Archive for the ‘Uncategorized’ Category

Chovie Clipper Hoists Anchor

Thursday, June 21st, 2018

Gosh, it’s been a long time since the Catblog was updated. Here’s a watercolor I did down in San Pedro at the old Ports O’ Call center. It was a charming place in those days, many quaint buildings, seafood restaurants and views of cargo and pleasure craft waiting at the docks. Several times, Cathy and I would start sketches of ships only to have them take off from the moorings half-way through the painting! The old Chovie Clipper didn’t disappoint me, she stuck around for her portrait and I had a good time painting her. The colors in the scan aren’t as pretty as the original. It’s 10″ by 14″, a little bit larger than I usually paint. If anybody wants it, just Paypal me fifty bucks with your address and I’ll send it to you. UPDATE: One of my wonderful readers has bought the “Chovie Clipper”! Thanks, Jenny!

 

Felix is from 6-5 to 6-11-1933. Felix gave Danny’s father’s pants to a hobo last time, containing the old man’s paycheck in the pocket. With the aid of a bulldog and a dinosaur bone, the intrepid little cat retrieves the dough and gets a big feast in the 6-10. Felix gets kicked, socked and pummeled as he bounces in and out of the house on an old bed spring in the Sunday page. This really feels animated to me, could have been a storyboard!

Myrtle is back! Originally appearing 3-7 to 3-13-1949, I love the Sunday page as the family gets their first television set. I remember our old black and white set from my childhood so well, in fact I can’t remember a time when we didn’t have a set of some kind. Yes, there were a lot of fights on the air, but also some great old cartoons and comedies, and puppet shows! Mrs. Smaltz’s cat figures in the first three dailies, teasing poor Bingo. She looks a lot like Hyacinth, who appears in the Sunday, but is not the same cat. I like the feeling of sadness in the 3-12 daily, as Samson discovers the body of a dead rabbit in the bushes and they have a funeral for it. I’ve buried a couple of beloved cats and a poor dead bird or two, so this one has meaning for me.

 

A double helping of Kat, from 7-12 to 7-24-1943! Offissa Pupp standing behind one of Garge’s fat tree trunks has a pleasing design to it in the 7-15 to 7-17. The little touches of wood planks and potted plants  in the foreground of the 7-16 once again reveal that Garge considered the Coconino characters performers on a stage. The “Bam” and “Boo” talking tree gags of 7-22 and 7-23 are very silly, yet somehow still resonate in that offhand Herriman way. Who else could put over such jokes? 

We’ve been struggling a bit since the last post, with cast iron drain pipes from the upstairs bath tub developing a leak which stained the downstairs drywall with dirty wash water. The odor was not pleasant. I got tricked into paying more than 500 bucks for a company to do an evaluation of the water stained walls for asbestos content! What a rip, the guy who did the asbestos checking was here only a half an hour. He found no asbestos. A retaining wall near the patio outside collapsed (it was unreinforced), and we had to put up a new wall. Our wonderful handyman, Jaime Toscano did the work, he’s so good. The septic tank filled up with water, which turned out to be from a leaky galvanized pipe that was stuck in the middle of the tank. This pipe feeds a hose bib out back; what a lot of wasted water. My wife’s art gallery, the Tirage in Pasadena, is closing down after more than 35 years and we will soon be getting many of her paintings returned to us. The Tirage was a very good gallery, well run by hard-working folks, but there is a declining interest in fine art for purchase by the public. I’ll be posting a few images of Cathy’s paintings in future Catblog posts. Thanks for reading, don’t forget about us!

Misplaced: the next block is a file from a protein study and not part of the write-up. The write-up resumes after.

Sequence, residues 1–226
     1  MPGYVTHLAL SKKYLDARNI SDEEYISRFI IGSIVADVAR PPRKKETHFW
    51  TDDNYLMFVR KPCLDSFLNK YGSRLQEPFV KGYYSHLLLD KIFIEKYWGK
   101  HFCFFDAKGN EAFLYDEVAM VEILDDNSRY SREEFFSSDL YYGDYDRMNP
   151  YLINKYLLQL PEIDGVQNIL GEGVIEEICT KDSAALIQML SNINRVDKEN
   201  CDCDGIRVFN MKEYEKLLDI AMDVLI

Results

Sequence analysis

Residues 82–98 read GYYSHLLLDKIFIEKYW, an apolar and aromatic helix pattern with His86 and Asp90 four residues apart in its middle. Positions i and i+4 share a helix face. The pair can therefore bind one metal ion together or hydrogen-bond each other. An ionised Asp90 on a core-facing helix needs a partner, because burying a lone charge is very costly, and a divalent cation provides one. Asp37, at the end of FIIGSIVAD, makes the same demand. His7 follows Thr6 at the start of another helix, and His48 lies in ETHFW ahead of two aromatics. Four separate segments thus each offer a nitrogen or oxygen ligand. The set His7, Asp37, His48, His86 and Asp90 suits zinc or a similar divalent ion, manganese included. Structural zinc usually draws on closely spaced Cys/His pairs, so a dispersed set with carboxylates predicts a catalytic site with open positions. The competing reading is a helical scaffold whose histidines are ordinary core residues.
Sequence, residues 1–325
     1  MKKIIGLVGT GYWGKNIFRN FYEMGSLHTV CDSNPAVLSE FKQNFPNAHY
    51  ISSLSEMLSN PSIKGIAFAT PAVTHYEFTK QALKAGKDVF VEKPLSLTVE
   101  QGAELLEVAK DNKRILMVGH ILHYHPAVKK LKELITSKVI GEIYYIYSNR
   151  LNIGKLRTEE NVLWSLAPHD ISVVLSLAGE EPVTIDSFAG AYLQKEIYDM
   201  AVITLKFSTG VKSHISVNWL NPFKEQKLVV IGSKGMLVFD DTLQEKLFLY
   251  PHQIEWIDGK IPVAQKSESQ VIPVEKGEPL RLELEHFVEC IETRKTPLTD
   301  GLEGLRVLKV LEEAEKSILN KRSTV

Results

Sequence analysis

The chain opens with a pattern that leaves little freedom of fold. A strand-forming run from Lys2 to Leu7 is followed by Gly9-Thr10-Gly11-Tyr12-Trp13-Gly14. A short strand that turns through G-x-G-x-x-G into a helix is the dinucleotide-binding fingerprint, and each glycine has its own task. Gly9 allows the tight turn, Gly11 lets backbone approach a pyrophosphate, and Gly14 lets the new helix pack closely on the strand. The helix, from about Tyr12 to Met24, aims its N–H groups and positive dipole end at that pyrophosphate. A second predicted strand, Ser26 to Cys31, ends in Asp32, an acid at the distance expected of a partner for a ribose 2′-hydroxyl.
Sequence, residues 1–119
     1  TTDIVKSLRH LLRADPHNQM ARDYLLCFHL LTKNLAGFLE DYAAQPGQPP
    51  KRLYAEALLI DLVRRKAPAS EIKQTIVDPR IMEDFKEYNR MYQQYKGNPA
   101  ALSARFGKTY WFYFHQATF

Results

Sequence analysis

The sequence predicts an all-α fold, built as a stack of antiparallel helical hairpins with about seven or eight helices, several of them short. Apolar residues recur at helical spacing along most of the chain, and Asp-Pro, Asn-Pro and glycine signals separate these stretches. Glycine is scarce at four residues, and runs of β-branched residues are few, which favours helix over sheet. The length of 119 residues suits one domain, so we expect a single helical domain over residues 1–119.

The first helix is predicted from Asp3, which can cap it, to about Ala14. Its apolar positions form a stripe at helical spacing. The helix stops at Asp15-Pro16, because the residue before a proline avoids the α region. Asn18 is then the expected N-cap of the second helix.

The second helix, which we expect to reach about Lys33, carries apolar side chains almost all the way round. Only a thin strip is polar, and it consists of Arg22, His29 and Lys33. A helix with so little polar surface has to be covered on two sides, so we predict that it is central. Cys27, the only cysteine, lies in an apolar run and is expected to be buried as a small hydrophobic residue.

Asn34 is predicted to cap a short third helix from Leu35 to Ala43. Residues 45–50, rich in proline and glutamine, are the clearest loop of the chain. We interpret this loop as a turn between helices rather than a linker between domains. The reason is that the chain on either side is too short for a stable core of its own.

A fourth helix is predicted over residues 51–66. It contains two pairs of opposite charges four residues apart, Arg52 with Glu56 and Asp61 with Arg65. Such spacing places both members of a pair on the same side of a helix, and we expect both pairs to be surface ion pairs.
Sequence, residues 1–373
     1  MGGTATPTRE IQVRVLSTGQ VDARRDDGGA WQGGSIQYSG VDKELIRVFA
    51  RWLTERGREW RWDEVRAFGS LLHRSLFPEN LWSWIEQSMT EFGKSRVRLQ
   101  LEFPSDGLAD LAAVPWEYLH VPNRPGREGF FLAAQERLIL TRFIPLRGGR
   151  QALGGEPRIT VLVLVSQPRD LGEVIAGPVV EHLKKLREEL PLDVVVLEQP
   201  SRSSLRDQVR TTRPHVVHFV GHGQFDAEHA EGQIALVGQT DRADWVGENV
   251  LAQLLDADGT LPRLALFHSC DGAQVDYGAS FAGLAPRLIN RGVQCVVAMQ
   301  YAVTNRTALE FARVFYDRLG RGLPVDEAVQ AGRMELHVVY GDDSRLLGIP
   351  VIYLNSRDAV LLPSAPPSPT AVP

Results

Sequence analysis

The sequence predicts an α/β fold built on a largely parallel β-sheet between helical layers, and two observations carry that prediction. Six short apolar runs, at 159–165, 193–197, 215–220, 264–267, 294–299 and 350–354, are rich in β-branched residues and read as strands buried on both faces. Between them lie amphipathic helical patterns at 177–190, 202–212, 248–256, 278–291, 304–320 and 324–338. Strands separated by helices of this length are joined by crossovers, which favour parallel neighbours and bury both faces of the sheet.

An Easter Drawing by Cathy Hill

Tuesday, April 10th, 2018

My wife Cathy drew this somewhat grisly Easter gag featuring “Simon’s Cat” bursting with pride at his “catch”. If you haven’t seen the “Simon’s Cat” internet cartoons, head over to You Tube and search for them. They are all created in England by a chap named Simon. He writes them and does all the voices. They are animated on tablets by a small crew of young English ladies and gents. Cathy loves to see Simon’s cat and the kitten wreck the house in every episode. The latest one has Simon’s Cat scooting over a freshly waxed dining room table. It’s rare to see such split-second timing in computer assisted animation, and all the comedy comes from the visuals. They use a system called TV paint.

 

Krazy is from 6-28 to 7-3-1943 in this group. I’m not sure if this is the first appearance of Dr. Y. Zowl in the 6-28 or not, but Garge milks the name for all it’s worth. The Coconino stage is in clear evidence in the 7-2 as Krazy goes through a series of alphabet puns, only to be pelted by vegetables, bricks and bottles from the audience, while Offissa Pupp (?) cringes in the orchestra pit.

In the Krazy dailies from 7-5 to 7-10-43, Offissa Pupp breaks the fourth wall in the 7-5 as he chases Ignatz clean out of the “picture”. The Coconino stage makes an encore showing as Ignatz falls through a trap door in the 7-10. The drawings of Krazy continue to devolve, in the 7-10, note how strangely eerie the Kat’s eyes look in panels two and three. It puts the Kat into an angry and almost haunted mood leading into the play on words in the fourth panel. I also admire how Herriman works Krazy’s right leg into the shadow behind him in the second panel of the 7-9, as he anticipates hitting the vending machine.